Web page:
Sex tourism also contributes to arrival numbers. Although officially illegal, prostitution in Thailand is monitored and regulated by the government to stem the spread of STD's and to prevent excesses. Prostitution catering to foreigners is believed to be around 20% of the total prostitution scene in Thailand, and is concentrated in a few major red-light districts such as Pattaya, Patpong and Patong Beach.
Thailand has been receiving increased competition ever since Laos, Cambodia and Vietnam opened up to international tourism in the 1980s and 90s. Destinations like Angkor Wat, Luang Prabang and Halong Bay now contest Thailand's former monopoly in the Indochina region. To counter this, Thailand is actively targeting niche markets such as golf holidays, or holidays combined with medical treatment. Thailand has also plans on becoming the hub for Buddhist tourism in the region. According to Lonely Planet, Thailand ranks second of "Best-value destinations for 2010" after Iceland; the latter having been hit very hard by the subprime mortgage crisis.
At the commencement of 2014, the lead Thai airline carrier Thai Airways (THAI) was subject to a rumor that the company would declare bankruptcy in May 2014. Listed on the Thai stock exchange, the company is a state enterprise in which the Finance Ministry holds a stake of up to 51%. In a statement to the media, Chokchai Panyayong, the airways' senior executive vice-president and acting president, stated: "THAI has never once defaulted. Despite its loss in the third quarter of last year, the company still has high liquidity and has a clear plan for debt repayment." He further explained that the carrier's loss of Bt6.35 billion in the third quarter of last year was the result of the company's moves to attract more customers.
2013 Thai political crisis
At the commencement of 2014, the Thai tourist industry came under scrutiny due to the political turmoil that erupted in October 2013. Due to a planned shut down of the Bangkok's government offices on 13 January 2014 by anti-government protesters, the tourism sector will be on high alerts and new tourists are advised to avoid the Thai capital. If the protests are protracted, the TAT forecast that arrival numbers will drop by around 5 per cent in the first quarter of 2014, with the total number of arrivals down by 260,000 from the original projection of 29.86 million arrivals. Tourism revenue is also expected to drop by Bt0.01 trillion from Bt1.44 trillion.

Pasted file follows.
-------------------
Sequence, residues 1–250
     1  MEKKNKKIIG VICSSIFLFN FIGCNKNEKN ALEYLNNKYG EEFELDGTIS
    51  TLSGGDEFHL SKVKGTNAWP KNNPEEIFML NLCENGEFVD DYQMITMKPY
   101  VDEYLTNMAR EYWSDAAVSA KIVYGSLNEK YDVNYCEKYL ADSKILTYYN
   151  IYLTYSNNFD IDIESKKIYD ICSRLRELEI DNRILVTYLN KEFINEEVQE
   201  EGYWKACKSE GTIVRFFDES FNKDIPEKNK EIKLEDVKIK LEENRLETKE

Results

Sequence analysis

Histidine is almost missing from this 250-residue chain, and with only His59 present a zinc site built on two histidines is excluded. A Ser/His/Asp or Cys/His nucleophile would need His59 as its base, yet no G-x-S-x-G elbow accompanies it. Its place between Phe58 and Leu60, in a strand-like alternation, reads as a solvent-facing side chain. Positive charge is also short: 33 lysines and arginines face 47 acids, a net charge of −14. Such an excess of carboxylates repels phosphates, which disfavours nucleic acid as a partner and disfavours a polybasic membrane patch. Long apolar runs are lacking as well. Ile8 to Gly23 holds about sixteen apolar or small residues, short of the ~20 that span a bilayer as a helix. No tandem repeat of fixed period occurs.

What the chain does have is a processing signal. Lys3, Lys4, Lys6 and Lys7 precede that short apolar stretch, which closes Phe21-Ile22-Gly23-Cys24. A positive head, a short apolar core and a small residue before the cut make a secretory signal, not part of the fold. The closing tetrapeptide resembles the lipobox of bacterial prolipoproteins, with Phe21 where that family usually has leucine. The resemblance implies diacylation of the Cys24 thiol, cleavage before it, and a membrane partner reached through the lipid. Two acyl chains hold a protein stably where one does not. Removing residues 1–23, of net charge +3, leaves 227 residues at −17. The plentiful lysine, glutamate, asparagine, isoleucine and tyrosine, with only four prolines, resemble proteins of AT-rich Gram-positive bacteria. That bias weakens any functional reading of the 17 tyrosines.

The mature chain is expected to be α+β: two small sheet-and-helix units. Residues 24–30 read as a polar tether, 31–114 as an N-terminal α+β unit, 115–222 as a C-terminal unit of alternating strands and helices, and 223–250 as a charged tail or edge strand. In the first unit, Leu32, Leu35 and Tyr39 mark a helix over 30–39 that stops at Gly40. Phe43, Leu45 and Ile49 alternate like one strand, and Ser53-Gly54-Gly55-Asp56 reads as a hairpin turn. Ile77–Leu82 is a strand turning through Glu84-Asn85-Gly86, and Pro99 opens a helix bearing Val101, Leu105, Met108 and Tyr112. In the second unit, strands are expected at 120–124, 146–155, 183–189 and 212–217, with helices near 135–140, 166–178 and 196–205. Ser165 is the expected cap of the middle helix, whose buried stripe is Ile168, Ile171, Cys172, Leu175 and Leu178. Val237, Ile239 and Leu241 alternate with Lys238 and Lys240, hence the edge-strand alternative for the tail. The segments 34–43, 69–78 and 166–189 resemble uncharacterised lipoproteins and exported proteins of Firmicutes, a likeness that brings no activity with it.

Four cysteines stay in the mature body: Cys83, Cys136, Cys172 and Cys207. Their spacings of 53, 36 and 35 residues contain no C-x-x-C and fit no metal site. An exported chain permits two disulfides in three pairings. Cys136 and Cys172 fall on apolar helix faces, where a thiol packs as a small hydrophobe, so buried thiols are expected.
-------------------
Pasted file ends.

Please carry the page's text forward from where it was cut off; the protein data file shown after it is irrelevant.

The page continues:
|2008||14,584,220||+0.83 %|||
|2006||13,821,802||+20.01 %|||
|2004||11,650,703||no data|||
Top 20 Most visiting nationalities
Data from Department of Tourism, Ministry of Tourism and sports
|Rank||Country or territory||2013||2012||2011||2010||2009||2008||2007||2006|
Thailand offers many varied attractions. These include diving sites, sandy beaches, hundreds of tropical islands, night-life, archaeological sites, museums, hill tribes, exceptional flora and bird life, palaces, a large number of Buddhist temples and several World Heritage sites. Many tourists follow courses during their stay in Thailand. Popular are classes in Thai cooking, Buddhism and traditional Thai massage. Thai national festivals range from Thai New Year Songkran to Loy Krathong. Many localities in Thailand also have their own festivals. Famous are the "Elephant Round-up" in Surin, the "Rocket Festival" in Yasothon and the curious "Phi Ta Khon" festival in Dan Sai. Thai cuisine has become famous worldwide with its enthusiastic use of fresh herbs and spices.
Bangkok shopping malls, offers an wide variety of international and local brands. Towards the north of the city, and easily reached by skytrain or underground, is "Chatuchak Weekend Market". It is possibly the largest market in the world, selling everything from household items to live, and sometimes endangered, animals. The "Pratunam Market" specialises in fabrics and clothing. The night markets in the Silom area and on Khaosan Road are mainly tourist-oriented, selling items such as T-shirts, handicrafts, counterfeit watches, and sunglasses. In the vicinity of Bangkok one can find several visually stunning floating markets such as the one in Damnoen Saduak. The "Sunday Evening Walking Street Market", held on Rachadamnoen Road inside the old city, is a shopping highlight of a visit to Chiang Mai up in northern Thailand. It attracts many locals as well as foreigners. The "Night Bazaar" is Chiang Mai's more tourist-oriented market, sprawling over several city blocks just east of the old city walls towards the river.